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  Kidney stones

Kidney stones, one of the most painful of all urologic disorders, are not just a problem of modern life. Scientists found evidence of kidney stones in a 7,000-year-old Egyptian mummy. In 2000, patients made 2.7 million visits to health care providers and more than 600,000 patients went to emergency rooms with kidney stone problems.

Kidney Kidney stones
Kidney stones

Most kidney stones pass out of the body without any help. A kidney stone is a hard mass developed from crystals that separate from the urine and can build up on the inner surfaces of the kidney. Normally, urine contains chemicals that prevent or inhibit the crystals from forming. These inhibitors do not seem to work for everyone, however, so some people form stones.

Doctors do not always know what causes kidney stones. While certain foods may cause stones to form, that is only in people who are susceptible. A person with a family history of kidney stones, urinary tract infections, kidney disorders such as cystic kidney diseases, and certain metabolic disorders such as hyperparathyroidism are also linked to stone formation.

Other causes of kidney stones are hyperuricosuria (a disorder of uric acid metabolism), gout, excess intake of vitamin D, urinary tract infections, and blockage of the urinary tract. Certain diuretics or calcium-based antacids may increase the risk of forming kidney stones by increasing the amount of calcium in the urine.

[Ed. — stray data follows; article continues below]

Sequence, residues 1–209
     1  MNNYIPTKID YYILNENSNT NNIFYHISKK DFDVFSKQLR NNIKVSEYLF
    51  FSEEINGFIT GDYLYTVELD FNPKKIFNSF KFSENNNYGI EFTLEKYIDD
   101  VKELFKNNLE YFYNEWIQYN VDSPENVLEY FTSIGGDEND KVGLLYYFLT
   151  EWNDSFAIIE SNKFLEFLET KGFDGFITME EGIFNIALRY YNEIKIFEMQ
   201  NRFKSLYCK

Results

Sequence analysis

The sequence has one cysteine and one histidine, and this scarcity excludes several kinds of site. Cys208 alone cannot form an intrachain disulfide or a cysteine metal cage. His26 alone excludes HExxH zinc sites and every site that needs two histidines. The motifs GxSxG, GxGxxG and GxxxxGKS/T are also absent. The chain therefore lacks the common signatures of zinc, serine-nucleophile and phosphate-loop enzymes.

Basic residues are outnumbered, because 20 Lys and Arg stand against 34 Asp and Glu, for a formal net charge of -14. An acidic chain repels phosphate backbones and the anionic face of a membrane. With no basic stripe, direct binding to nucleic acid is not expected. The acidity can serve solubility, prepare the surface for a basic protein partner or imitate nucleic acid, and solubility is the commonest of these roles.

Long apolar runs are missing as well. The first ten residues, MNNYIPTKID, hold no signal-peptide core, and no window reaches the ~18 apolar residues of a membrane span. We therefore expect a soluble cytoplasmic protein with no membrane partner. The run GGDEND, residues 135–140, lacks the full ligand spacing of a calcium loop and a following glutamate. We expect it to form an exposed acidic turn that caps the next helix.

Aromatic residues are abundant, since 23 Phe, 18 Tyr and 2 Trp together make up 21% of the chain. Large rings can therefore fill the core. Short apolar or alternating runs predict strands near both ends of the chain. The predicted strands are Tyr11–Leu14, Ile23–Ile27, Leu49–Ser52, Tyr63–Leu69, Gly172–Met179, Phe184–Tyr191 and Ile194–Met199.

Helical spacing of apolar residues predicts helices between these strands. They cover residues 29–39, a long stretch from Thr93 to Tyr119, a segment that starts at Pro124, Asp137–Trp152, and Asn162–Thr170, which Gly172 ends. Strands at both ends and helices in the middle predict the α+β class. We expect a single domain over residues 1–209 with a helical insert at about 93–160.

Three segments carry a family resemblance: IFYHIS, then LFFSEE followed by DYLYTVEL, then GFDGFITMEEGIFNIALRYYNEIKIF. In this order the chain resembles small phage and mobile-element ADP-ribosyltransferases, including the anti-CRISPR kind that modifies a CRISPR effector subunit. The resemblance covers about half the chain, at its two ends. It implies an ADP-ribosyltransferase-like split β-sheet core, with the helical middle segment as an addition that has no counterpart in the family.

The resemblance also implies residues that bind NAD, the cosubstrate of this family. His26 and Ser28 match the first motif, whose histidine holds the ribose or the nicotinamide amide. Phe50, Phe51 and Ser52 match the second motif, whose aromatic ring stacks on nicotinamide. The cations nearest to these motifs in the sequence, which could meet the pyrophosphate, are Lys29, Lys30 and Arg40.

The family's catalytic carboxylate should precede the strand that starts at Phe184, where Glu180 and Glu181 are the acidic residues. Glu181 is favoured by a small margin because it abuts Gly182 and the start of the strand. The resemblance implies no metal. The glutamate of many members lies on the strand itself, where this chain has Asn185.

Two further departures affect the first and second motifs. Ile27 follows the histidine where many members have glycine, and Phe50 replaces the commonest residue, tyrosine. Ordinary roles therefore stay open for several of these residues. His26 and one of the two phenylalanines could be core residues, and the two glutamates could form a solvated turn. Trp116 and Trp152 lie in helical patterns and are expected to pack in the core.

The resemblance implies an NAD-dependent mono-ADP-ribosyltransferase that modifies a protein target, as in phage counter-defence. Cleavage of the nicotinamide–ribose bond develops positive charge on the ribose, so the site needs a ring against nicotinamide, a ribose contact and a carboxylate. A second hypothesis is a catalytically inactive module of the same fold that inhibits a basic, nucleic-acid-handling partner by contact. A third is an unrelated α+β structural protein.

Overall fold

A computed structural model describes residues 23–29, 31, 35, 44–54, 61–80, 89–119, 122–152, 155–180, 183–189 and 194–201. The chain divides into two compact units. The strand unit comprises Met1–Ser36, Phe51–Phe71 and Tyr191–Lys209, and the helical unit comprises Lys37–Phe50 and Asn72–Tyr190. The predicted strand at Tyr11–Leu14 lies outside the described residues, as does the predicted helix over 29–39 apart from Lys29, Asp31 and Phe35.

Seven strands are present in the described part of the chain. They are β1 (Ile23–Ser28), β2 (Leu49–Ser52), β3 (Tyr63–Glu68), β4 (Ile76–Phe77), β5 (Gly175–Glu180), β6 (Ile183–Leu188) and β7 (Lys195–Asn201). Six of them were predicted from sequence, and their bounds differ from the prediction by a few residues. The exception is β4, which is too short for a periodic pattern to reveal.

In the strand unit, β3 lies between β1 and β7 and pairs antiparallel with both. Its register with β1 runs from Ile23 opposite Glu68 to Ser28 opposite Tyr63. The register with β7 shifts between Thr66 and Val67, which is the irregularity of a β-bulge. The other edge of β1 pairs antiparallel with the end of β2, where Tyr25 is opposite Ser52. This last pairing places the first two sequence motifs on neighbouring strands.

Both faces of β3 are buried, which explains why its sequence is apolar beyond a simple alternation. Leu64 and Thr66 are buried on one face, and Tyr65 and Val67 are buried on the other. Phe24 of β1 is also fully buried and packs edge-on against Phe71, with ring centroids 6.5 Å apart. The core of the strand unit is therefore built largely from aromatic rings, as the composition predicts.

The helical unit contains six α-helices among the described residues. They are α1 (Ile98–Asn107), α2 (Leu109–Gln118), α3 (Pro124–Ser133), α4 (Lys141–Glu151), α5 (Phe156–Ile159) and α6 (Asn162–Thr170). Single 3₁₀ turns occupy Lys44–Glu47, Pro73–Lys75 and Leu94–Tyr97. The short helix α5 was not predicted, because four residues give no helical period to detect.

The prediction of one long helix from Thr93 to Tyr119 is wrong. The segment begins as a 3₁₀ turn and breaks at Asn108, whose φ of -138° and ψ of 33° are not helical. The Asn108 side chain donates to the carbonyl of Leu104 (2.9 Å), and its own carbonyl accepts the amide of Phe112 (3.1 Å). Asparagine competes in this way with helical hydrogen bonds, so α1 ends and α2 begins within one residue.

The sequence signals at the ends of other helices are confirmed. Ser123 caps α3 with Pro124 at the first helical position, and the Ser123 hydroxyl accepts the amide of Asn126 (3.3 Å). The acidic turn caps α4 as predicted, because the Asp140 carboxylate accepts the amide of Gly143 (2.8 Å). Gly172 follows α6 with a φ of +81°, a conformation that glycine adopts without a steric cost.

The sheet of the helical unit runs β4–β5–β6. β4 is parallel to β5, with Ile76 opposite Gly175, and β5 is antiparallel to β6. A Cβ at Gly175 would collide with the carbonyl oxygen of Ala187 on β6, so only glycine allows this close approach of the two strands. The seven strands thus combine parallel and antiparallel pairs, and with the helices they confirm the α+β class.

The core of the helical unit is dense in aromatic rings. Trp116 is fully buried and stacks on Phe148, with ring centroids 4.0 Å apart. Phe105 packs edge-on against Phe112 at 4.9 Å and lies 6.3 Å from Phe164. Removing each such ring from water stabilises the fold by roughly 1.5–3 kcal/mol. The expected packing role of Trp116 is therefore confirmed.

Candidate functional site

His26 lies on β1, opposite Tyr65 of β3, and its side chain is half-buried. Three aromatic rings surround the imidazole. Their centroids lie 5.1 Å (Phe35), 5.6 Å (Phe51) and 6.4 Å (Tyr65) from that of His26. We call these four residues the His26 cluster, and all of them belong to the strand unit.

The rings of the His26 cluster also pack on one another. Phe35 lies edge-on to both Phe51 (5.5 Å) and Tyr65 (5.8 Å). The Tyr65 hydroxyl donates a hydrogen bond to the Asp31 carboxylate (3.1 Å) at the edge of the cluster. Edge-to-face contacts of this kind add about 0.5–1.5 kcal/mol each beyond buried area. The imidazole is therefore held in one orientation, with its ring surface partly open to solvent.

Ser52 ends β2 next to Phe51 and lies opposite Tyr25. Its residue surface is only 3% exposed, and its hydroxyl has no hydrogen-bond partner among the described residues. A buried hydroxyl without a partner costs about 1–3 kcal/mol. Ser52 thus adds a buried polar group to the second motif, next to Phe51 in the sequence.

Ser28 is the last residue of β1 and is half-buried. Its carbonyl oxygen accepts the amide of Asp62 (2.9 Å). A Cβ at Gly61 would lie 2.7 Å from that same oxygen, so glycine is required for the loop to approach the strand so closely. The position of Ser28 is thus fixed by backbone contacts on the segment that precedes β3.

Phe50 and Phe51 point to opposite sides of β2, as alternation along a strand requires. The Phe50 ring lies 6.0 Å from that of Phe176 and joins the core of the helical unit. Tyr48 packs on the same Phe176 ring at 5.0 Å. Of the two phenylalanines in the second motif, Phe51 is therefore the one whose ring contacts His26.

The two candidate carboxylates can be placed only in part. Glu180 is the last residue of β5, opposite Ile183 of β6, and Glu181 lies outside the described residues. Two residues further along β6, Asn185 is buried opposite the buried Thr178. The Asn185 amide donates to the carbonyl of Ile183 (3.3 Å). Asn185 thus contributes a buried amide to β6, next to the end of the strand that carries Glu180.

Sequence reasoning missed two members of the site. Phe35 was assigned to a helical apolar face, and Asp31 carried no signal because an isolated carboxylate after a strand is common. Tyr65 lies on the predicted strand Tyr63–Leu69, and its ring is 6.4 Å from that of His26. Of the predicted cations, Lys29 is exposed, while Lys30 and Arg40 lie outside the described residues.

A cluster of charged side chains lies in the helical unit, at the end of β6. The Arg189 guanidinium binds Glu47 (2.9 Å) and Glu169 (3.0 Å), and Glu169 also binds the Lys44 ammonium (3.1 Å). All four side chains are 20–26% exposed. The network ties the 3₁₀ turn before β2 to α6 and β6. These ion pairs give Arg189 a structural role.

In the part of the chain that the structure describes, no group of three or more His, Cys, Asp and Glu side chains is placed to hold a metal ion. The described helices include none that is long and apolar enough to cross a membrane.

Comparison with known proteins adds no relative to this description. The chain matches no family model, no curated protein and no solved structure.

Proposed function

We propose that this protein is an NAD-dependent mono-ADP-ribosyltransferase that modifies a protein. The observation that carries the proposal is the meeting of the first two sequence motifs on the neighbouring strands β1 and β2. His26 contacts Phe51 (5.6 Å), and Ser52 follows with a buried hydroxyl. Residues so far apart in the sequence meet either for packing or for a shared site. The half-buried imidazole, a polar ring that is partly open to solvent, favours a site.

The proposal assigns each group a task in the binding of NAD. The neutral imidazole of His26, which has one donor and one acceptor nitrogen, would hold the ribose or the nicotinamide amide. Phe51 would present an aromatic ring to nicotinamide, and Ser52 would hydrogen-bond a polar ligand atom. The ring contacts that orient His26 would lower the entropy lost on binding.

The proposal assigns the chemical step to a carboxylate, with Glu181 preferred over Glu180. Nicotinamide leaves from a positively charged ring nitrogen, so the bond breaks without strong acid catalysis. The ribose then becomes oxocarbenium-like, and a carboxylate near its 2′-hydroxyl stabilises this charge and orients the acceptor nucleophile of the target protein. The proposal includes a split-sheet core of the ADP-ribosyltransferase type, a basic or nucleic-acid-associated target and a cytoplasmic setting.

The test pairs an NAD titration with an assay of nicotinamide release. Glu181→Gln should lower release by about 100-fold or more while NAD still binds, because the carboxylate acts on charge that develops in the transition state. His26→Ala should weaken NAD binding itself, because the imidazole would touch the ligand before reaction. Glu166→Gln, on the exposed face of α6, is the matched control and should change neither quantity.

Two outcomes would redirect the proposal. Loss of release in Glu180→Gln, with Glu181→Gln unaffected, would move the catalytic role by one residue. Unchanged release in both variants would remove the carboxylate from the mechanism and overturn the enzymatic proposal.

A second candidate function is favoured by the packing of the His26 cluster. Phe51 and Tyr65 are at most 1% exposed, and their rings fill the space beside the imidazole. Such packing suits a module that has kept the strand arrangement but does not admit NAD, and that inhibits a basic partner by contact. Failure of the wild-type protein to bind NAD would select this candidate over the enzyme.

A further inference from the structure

Kidney stones often do not cause symptoms. Usually, the first symptom of a kidney stone is extreme pain, which occurs when a stone blocks the flow of urine. The pain often begins suddenly when a stone moves in the urinary tract. A person typically feels a sharp, cramping pain in the back and side in the area of the kidney or in the lower abdomen, sometimes accompanied by nausea and vomiting, and occasionally, pain that spreads to the groin.

Surgery is not usually necessary. A simple and most important lifestyle change to prevent stones is to drink more liquids, preferably water. If you tend to form stones, you should try to drink enough liquids throughout the day to produce at least 2 quarts of urine every day.

People who form calcium stones used to be told to avoid dairy products and other foods with calcium, but recent studies have shown that foods high in calcium, including dairy products, may actually help prevent calcium stones. Taking calcium in pill form, however, may have the opposite effect, and increase the risk of developing stones.

You may be told to avoid food with added vitamin D and certain types of antacids that have added calcium. If you have very acidic urine, you may need to eat less meat, fish, and poultry, as these foods increase the amount of acid in the urine.

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